China is vast. Known as the Middle Kingdom by the ancient Chinese, China is the 3rd largest country in the world. It is surrounded by 14 other nations and has 5 different time zones. With three major regions, China stretches from the mountainous west, to the desert plains of the Mongol Plateau to Manchuria in the northeast. The largely low-lying eastern region consists of the valleys and floodplains of the Yangtze and Yellow Rivers, through to the coastal plains of the Pearl River in the south.


China is the worlds most populous country with 1.35 billion people.  China officially recognizes 56 distinct ethnic groups, the largest of which are the Han Chinese, who constitute about 91.51% of the total population.


Mandarin is spoken by 70% of the population, but there are as many as 292 living languages in China. English is widely spoken in major cities, especially by younger people, but is not generally understood in rural areas.


10,000-2,000 BCE Neolithic Cultures

ca. 2100-1600 BCE Xia (Hsia) Dynasty

ca. 1600-1050 BCE Shang Dynasty
One of the Three Dynasties, or San Dai (Xia, Shang, and Zhou), thought to mark the beginning of Chinese civilization: characterized by its writing system, practice of divination, walled cities, bronze technology, and use of horse-drawn chariots.

ca. 1046-256 BCE Zhou (Chou) Dynasty: Western Zhou (ca. 1046-771 BCE), Eastern Zhou (771-256 BCE)
A hierarchical political and social system with the Zhou royal house at its apex: power was bestowed upon aristocratic families as lords of their domains or principalities. Although often compared to European “feudalism,” what actually gave the system cohesion was a hierarchical order of ancestral cults. The system eventually broke down into a competition for power between rival semi-autonomous states in what became known as the Spring and Autumn period (ca. 770-475 BCE) and the Warring States (ca. 475-221 BCE) period. It was during these tumultuous times that Confucius (551-479 BCE) lived.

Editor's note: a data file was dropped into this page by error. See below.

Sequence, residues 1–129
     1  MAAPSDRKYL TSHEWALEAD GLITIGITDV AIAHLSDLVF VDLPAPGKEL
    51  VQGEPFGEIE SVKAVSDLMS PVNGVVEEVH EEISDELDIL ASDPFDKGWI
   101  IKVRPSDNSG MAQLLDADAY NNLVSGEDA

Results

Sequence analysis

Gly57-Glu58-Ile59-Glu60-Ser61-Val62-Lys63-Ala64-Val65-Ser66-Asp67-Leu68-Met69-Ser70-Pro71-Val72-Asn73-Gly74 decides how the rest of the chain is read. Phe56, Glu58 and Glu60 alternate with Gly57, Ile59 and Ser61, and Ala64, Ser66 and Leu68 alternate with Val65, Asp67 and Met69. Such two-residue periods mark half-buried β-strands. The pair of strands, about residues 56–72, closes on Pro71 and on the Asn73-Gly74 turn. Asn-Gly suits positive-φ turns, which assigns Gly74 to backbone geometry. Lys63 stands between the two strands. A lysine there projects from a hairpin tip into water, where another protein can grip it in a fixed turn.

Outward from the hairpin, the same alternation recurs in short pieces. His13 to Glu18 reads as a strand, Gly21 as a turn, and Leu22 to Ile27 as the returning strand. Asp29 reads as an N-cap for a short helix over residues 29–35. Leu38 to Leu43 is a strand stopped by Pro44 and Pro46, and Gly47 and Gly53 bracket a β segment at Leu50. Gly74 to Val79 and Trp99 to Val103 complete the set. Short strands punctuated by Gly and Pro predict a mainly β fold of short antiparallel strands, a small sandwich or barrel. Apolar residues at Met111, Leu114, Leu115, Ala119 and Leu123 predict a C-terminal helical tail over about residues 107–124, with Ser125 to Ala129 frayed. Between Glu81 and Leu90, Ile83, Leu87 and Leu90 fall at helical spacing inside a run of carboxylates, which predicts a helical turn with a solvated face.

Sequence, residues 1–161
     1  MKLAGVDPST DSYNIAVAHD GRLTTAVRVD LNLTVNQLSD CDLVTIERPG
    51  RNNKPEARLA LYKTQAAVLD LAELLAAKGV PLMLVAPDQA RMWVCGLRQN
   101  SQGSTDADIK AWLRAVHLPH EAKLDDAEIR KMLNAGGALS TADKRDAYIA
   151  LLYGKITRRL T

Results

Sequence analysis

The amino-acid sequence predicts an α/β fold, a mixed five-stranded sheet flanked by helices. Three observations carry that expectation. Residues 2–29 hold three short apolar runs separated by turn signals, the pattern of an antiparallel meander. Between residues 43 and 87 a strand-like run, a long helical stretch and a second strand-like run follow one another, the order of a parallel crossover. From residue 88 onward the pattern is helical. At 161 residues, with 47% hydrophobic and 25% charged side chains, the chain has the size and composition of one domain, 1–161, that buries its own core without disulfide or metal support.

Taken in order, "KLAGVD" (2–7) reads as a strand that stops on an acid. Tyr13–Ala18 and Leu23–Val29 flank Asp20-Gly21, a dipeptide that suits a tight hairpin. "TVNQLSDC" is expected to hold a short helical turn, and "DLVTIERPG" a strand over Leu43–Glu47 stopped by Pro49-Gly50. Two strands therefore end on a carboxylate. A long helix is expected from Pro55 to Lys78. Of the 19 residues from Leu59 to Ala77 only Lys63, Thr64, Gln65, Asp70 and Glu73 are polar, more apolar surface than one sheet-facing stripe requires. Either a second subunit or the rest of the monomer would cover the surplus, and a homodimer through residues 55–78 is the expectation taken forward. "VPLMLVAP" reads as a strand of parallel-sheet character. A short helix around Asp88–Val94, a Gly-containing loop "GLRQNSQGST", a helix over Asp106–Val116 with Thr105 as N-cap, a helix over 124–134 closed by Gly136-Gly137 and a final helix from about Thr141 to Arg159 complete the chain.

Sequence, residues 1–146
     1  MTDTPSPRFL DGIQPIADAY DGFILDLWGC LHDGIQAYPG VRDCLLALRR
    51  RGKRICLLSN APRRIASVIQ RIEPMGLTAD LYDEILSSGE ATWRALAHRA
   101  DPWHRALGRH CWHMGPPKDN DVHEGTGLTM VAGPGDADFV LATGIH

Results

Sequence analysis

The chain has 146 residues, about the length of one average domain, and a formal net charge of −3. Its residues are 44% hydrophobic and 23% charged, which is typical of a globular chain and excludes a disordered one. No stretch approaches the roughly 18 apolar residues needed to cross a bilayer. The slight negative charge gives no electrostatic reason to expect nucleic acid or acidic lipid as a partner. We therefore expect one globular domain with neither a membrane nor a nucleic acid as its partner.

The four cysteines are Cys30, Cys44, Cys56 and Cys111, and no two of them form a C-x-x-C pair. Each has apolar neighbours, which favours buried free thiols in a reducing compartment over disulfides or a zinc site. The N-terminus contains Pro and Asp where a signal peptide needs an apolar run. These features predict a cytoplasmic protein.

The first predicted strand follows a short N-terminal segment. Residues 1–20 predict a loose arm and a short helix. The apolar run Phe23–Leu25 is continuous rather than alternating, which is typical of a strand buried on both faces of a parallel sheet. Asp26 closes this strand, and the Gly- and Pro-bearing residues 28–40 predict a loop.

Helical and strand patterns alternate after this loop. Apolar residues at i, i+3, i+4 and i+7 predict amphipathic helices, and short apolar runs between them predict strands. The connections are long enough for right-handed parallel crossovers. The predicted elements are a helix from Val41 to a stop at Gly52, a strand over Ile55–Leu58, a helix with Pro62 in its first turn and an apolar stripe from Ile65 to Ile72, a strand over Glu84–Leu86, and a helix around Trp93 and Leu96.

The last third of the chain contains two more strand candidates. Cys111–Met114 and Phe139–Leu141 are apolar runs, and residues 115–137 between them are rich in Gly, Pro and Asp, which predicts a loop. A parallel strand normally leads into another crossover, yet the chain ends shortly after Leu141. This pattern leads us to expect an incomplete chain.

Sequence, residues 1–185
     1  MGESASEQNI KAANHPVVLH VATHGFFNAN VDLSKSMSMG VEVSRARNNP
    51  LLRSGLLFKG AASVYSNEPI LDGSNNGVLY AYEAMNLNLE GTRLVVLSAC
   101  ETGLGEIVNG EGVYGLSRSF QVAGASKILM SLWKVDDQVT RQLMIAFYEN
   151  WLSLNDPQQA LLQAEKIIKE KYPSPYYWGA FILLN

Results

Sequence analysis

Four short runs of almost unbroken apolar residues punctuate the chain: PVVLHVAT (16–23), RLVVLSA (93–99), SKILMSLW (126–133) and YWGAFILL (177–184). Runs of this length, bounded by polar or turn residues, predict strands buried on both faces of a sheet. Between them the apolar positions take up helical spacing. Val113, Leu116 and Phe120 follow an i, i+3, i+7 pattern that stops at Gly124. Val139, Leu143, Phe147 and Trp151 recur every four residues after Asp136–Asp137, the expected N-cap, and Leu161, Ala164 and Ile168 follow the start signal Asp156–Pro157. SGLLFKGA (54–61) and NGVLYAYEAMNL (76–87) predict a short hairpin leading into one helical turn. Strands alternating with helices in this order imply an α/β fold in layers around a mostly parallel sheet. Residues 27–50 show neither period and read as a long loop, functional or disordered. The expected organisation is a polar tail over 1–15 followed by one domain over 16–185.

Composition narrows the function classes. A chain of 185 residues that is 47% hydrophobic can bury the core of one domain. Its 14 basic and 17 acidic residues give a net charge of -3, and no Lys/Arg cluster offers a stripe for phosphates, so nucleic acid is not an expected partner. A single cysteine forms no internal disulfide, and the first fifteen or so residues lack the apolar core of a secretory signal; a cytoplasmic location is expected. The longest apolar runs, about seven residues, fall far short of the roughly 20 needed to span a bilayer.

221-206 BCE Qin (Ch’in) Dynasty
Created a unitary state by imposing a centralized administration and by standardizing the writing script, weights and measures. Known for its harsh methods of rule, including the suppression of dissenting thought.

206 BCE-220 CE Han Dynasty: Western/Former Han (206 BCE-9 CE) and Eastern/Later Han (25-220 CE)
Modified and consolidated the foundation of the imperial order. Confucianism was established as orthodoxy and open civil service examinations were introduced. Han power reached Korea and Vietnam. Records of the Historian, which became the model for subsequent official histories, was completed.

220-589 CE “Period of Disunity” or Six Dynasties Period
The empire was fragmented. The North was dominated by invaders from the borderland and the steppes. The South was ruled by successive “Chinese” dynasties. Buddhism spread.

581-618 CE Sui Dynasty
China reunified.

618-906 Tang (T’ang) Dynasty
A time of cosmopolitanism and cultural flowering occurred. This period was the height of Buddhist influence in China until its repression around 845. Active territorial expansion until defeated by the Arabs at Talas in 751.

960-1279 Song (Sung) Dynasty: Northern Song (960-1127) and Southern Song (1127-1279)
An era of significant economic and social changes: the monetization of the economy; growth in commerce and maritime trade; urban expansion and technological innovations. The examination system for bureaucratic recruitment of neo-Confucianism was to provide the intellectual underpinning for the political and social order of the late imperial period.